Acute Kidney Injury and Drugs Prescribed for COVID-19 in Diabetes Patients: A Real-World Disproportionality Analysis
Zhou et al.
, Acute Kidney Injury and Drugs Prescribed for COVID-19 in Diabetes Patients: A Real-World Disproportionality..
, Frontiers in Pharmacology, doi:10.3389/fphar.2022.833679
FAERS analysis showing significantly increased risk of acute kidney injury with remdesivir.
Zhou et al., 17 Mar 2022, peer-reviewed, 6 authors.
Abstract: ORIGINAL RESEARCH
published: 17 March 2022
Acute Kidney Injury and Drugs
Prescribed for COVID-19 in Diabetes
Patients: A Real-World
Yu Zhou 1, Jianbin Li 1, Linyao Wang 1, Xinyan Zhu 1, Meilian Zhang 2* and Jiaping Zheng 3*
Department of Clinical Pharmacy and Pharmacy Administration, School of Pharmacy, Fujian Medical University, Fuzhou, China,
Department of Ultrasound, Fujian Provincial Maternity and Child Health Hospital, Fuzhou, China, 3Department of Rehabilitation
Medicine, School of Health, Fujian Medical University, Fuzhou, China
Background: The information is relatively scarce regarding the occurrence of druginduced acute kidney injury (AKI) when anti-coronavirus disease 2019 (COVID-19) drugs
are prescribed for patients with diabetes mellitus (DM).
Indian Council of Medical Research
National Defence University of
The University of Tokyo, Japan
This article was submitted to
a section of the journal
Frontiers in Pharmacology
Received: 13 December 2021
Accepted: 14 February 2022
Published: 17 March 2022
Zhou Y, Li J, Wang L, Zhu X, Zhang M
and Zheng J (2022) Acute Kidney Injury
and Drugs Prescribed for COVID-19 in
Diabetes Patients: A Real-World
Front. Pharmacol. 13:833679.
Objective: The objective of this study was to evaluate a pharmacovigilance signal for AKI
upon the use of common drugs prescribed for COVID-19 treatment, especially in patients
Methods: The FDA Adverse Event Reporting System (FAERS) database were used, and
data from the ﬁrst quarter of 2020 to the third quarter of 2021 were retrieved. A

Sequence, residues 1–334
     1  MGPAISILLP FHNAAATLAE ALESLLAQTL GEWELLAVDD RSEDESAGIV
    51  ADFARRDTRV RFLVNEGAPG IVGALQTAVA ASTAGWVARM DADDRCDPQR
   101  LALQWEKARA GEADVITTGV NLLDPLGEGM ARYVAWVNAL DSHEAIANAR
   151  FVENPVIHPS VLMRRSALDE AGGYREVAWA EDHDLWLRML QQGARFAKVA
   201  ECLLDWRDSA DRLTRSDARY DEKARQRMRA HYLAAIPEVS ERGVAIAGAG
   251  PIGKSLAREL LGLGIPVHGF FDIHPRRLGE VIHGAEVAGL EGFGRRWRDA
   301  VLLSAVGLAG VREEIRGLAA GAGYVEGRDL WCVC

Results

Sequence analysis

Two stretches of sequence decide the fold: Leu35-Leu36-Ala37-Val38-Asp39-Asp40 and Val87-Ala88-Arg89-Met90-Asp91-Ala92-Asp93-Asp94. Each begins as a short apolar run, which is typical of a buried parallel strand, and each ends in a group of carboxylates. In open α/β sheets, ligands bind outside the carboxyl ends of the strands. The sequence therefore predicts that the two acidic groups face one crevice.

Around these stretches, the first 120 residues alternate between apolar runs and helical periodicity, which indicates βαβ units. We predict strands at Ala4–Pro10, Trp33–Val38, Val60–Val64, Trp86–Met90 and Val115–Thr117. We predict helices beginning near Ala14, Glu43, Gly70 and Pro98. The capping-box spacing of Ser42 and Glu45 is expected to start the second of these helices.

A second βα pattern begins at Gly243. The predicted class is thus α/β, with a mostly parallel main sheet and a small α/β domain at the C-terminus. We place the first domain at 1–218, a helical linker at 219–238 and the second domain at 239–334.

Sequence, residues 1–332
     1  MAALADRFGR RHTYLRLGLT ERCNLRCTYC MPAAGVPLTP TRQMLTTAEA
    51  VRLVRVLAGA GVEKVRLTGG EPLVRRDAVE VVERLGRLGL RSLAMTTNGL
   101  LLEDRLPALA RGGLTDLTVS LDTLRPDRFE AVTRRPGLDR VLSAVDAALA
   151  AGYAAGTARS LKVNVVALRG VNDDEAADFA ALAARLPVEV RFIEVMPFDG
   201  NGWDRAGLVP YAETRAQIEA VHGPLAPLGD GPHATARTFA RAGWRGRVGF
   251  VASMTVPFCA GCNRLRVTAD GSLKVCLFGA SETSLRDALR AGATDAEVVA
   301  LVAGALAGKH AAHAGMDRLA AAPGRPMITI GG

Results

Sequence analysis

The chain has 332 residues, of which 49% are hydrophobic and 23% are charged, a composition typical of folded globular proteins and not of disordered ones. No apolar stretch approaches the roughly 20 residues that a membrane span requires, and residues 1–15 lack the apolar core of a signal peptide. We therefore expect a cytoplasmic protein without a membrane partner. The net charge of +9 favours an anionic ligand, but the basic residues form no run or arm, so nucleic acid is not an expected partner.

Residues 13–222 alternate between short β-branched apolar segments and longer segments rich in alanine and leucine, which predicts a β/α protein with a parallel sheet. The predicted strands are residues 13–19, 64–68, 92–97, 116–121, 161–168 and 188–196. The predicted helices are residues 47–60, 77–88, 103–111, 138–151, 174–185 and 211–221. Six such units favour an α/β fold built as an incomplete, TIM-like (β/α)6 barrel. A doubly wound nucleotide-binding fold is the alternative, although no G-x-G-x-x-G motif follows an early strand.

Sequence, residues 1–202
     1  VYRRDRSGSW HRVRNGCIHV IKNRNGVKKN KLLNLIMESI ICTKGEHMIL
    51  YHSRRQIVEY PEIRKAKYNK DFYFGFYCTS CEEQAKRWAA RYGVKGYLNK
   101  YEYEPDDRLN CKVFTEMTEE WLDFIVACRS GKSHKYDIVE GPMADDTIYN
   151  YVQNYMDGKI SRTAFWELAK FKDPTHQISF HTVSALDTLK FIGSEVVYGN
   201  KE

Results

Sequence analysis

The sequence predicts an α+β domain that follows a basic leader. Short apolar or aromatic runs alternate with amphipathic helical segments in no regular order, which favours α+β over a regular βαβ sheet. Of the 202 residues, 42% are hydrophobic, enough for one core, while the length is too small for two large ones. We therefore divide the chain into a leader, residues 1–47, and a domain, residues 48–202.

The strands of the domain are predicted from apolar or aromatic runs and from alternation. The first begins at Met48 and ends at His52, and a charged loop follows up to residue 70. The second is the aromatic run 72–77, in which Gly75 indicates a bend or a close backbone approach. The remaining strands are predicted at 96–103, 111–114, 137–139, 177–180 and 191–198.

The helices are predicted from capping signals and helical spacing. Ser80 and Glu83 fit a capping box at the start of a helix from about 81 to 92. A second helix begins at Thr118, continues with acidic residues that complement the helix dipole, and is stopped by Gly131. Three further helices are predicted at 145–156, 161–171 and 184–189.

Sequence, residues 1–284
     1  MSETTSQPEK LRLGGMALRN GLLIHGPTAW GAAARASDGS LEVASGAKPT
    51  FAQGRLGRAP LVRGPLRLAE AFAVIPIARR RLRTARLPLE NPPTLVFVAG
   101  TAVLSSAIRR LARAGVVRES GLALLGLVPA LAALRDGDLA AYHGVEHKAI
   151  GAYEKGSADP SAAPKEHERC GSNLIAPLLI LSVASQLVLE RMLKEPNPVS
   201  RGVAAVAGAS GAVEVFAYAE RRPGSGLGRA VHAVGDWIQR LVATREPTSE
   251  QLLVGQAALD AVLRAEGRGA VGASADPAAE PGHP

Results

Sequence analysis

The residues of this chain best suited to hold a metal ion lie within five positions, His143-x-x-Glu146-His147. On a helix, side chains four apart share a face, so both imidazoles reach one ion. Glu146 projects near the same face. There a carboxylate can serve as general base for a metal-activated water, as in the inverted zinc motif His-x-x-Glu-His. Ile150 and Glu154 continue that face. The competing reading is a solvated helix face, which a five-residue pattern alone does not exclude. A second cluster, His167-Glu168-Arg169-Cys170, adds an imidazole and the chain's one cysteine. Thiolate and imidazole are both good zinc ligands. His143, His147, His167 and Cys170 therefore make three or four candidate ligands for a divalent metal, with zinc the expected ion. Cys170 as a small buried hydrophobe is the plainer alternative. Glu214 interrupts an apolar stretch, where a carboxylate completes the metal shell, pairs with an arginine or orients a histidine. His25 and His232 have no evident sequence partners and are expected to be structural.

disproportionality analysis was performed to determine whether AKI was more
frequently reported with anti-COVID-19 drugs compared to that with other drugs in
different populations. Further, reporting odds ratios (RORs) and their 95% conﬁdence
intervals (CIs) were used to calculate disproportionality.
Results: We identiﬁed 33,488 COVID-19 patients and 2397 COVID-19 patients with DM.
AKI was the most frequent adverse drug reaction (ADR) reported in this patient population.
The primary suspected drugs related to AKI in more than half of the reports (75.60%, 127/
168) were four common anti-COVID-19 drugs (remdesivir, tocilizumab,
hydroxychloroquine, and lopinavir/ritonavir). Compared with other drugs in the same
time window, remdesivir and lopinavir/ritonavir were associated with an increased risk
of AKI in all COVID-19 patients (ROR: 3.97, 95% CI: 3.51–4.50; ROR: 4.02, 95% CI:
3.11–5.19, respectively). In COVID-19 patients with DM, remdesivir was signiﬁcantly
associated with AKI (ROR: 5.65, 95% CI: 4.06–7.87); meanwhile, there was a new AKI
signal associated with tocilizumab (ROR: 2.37, 95% CI: 1.19–4.72). After sensitivity
analyses in COVID-19 patients with DM, consistent results for remdesivir were
observed; however, the AKI signals for tocilizumab were unstable.
Conclusion: Our study conﬁrmed the association of AKI with the usage of common antiCOVID-19 drugs (especially remdesivir and tocilizumab) in DM patients. These safety
signals suggested more individualized treatments for COVID-19 patients with
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